While the suffering for high streets continues, the massive growth in online retail in 2020 has seen a rush to invest in ‘sheds’ – namely logistics real estate
Once upon a time, a shed was the place someone like David Cameron might go to write his memoirs. But speak to your wealth adviser about sheds now and they won’t ask about your literary influences.
That’s because ‘sheds’ are the commercial property industry’s byword for one of the most lucrative and important sectors in the business – logistics.
Buoyed by years of growth in online retail, the sector got an additional shot in the arm in 2020 from the pandemic: the lockdowns drove the proportion of retail done online from 20 per cent to 27 per cent – and experts don’t see that figure sliding back once life returns to ‘normal’.
‘Logistics real estate was hot property anyway because of what had gone on with online retail,’ says Kevin Mofid, head of UK industrials and logistics research at Savills. ‘Then you had Brexit, and everybody started talking about stockpiling because of Brexit – and then you had Covid. What Covid has done is just amplify how important this type of real estate is to our daily lives.’
During the pandemic, PPE suppliers and the NHS pushed up demand, too, and this could lead to longer-term increases in space. ‘A lot of the governments around the world are saying that this can never happen again, we need to store much more PPE and medical equipment within our own countries,’ says Mofid.
Moreover, the threat of a future pandemic and Brexit’s possible disruptions to borders have led manufacturers to consider moving from a ‘just in time’ delivery to a ‘just in case’ supply chain.
Mofid is seeing a lot of money coming into the sector. ‘At the start of 2020 our yields were 4.25 per cent for prime logistics buildings, but the sheer weight of capital targeting the sector has driven those yields downwards.’
As a result, yields for prime logistics are now down to 3.75 per cent, with investors buying into ‘perceived rental growth’.
‘They’re prepared to pay a price that reflects a lower yield in expectation that the rents rise in two or three years’ time,’ he notes. (‘Prime logistics’ is defined as buildings of 50,000 square feet and above, typically built within the past 15 years – and well located, so in a useful place on the road network close to A-roads or motorways.)
According to the latest figures from the Royal Institute of Chartered Surveyors, the net-balance demand for office and retail property in Britain was –66 per cent and –73 per cent respectively in Q3 of 2020. ‘Industrials’, which include logistics, rose by 22 per cent.
These figures were closely followed by rental expectations of professionals across these segments. This, too, is borne out by Savills’ most recent report, which showed that at the end of Q3 the UK logistics sector had outstripped the record demand of its best year to date, 2016 – with still a quarter to go.
In all, 38.6 million square feet of capacity was taken on in new leases in the first nine months of 2020, pushing vacancy levels to just 6 per cent. Of the new take-up, an astonishing 29 per cent went to Amazon, but there was also an upsurge in demand from grocery and high street retailers.
So what’s the best way for investors to get involved?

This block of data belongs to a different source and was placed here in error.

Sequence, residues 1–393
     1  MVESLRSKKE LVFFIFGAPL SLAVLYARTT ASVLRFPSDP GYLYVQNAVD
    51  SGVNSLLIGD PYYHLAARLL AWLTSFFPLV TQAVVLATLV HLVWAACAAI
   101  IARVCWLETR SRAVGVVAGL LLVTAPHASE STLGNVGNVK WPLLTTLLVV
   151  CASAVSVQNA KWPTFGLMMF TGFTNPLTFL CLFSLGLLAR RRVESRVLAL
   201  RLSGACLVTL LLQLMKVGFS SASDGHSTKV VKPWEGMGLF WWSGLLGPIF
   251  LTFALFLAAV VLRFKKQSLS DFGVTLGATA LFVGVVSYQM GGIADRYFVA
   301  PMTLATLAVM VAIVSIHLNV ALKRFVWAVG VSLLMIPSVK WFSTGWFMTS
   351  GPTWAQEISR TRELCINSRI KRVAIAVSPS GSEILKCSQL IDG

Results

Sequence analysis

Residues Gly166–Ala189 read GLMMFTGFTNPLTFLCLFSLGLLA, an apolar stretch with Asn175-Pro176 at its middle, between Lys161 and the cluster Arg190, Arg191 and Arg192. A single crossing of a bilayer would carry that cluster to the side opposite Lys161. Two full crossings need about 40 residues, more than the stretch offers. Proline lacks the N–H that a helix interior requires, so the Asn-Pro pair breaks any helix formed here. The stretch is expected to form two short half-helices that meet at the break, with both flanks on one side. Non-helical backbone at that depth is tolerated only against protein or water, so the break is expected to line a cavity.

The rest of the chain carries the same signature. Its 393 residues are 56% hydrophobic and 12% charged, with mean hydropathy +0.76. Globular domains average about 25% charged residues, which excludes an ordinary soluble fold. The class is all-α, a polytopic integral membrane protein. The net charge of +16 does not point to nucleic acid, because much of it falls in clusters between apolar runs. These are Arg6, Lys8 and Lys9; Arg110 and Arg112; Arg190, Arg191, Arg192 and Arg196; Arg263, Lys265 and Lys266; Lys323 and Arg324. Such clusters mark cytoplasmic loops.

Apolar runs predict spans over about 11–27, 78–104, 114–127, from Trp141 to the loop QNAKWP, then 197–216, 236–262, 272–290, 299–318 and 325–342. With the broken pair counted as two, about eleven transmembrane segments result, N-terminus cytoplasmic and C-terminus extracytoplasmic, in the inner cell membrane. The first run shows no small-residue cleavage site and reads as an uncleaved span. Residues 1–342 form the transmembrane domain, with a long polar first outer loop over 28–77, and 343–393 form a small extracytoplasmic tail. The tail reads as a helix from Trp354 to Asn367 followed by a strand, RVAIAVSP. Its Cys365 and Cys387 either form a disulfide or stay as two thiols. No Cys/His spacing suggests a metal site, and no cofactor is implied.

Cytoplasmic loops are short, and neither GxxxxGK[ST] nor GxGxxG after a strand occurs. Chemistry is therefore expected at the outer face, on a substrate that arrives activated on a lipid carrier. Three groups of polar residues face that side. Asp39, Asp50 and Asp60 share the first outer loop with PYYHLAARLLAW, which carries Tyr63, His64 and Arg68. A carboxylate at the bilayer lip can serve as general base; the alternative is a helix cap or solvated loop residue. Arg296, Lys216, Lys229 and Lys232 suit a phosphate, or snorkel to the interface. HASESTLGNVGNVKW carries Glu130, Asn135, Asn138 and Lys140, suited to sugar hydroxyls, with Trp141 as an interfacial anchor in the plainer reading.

The simplest method is to buy into one of the publicly traded companies in the field. Of these, the FTSE 100-listed SEGRO, a real estate investment trust (REIT), is a blue-chip to consider.
There’s also the US-listed ProLogis, which claims that $2.2 trillion-worth of the global economy passes through its warehouses annually. Investing this way ‘gives you the portfolio effect’, says William Scoular from Investec’s structured property finance team.
‘Single unit letting risk is quite high.’ A 30-year veteran of the business – he began his career in surveying at CBRE – Scoular says industrials used to be the poor relation of commercial property, yielding 8–10 per cent, compared to 3–4 per cent in retail.
‘And if you were in retail it was very glamorous and if you were in sheds it wasn’t,’ he recalls. ‘As the world has changed the market, it is totally inverted now.’
With yields at 4 per cent for prime logistical assets, he sees two main categories: the light industrial estate stock, made up of 5,000 sq ft leases for ‘metal bashers’; and then the ‘big box’ logistics sector, dominated by the likes of SEGRO and Tritax Big Box (which is both FTSE 250 listed and works with UHNWs and family offices seeking to get into the market).
Drivers for demand in the smaller-scale units are ‘last mile logistics’, but also market shifts in recent decades that have seen much of this being lost to housing and gentrification. ‘There’s a real scarcity factor,’ notes Scoular.
Against this backdrop, the bloodbath on the high street might well see more space coming to logistics (consider, for instance, that Arcadia and Debenhams occupy a combined 15.5 million square feet, according to the Local Data Company).
‘Previously it wouldn’t have made economic sense,’ Scoular says. ‘But now that the yields on retail have softened and industrial yields have hardened the rents are probably comparable – they’re not that different.’
So what if you’ve got a bit of land somewhere useful – near a motorway or town – and want to get involved?
‘You can start by going to a surveying practice and getting some help with the planning,’ says Scoular. ‘Then there are many ways of doing it – you can jointventure it, sell it outright with planning consent. It’s a risk/return situation.’
With the twin caveats of competition from redundant retail space and the economic impact of an implosion on the high street for the economy and online retail, it would seem that, as Kevin Mofid opines, logistics is the ‘least worst’ segment of commercial property right now.
‘You’ve got Brexit, online, Covid, near-shoring,’ he says. ‘It’s a heady mix.’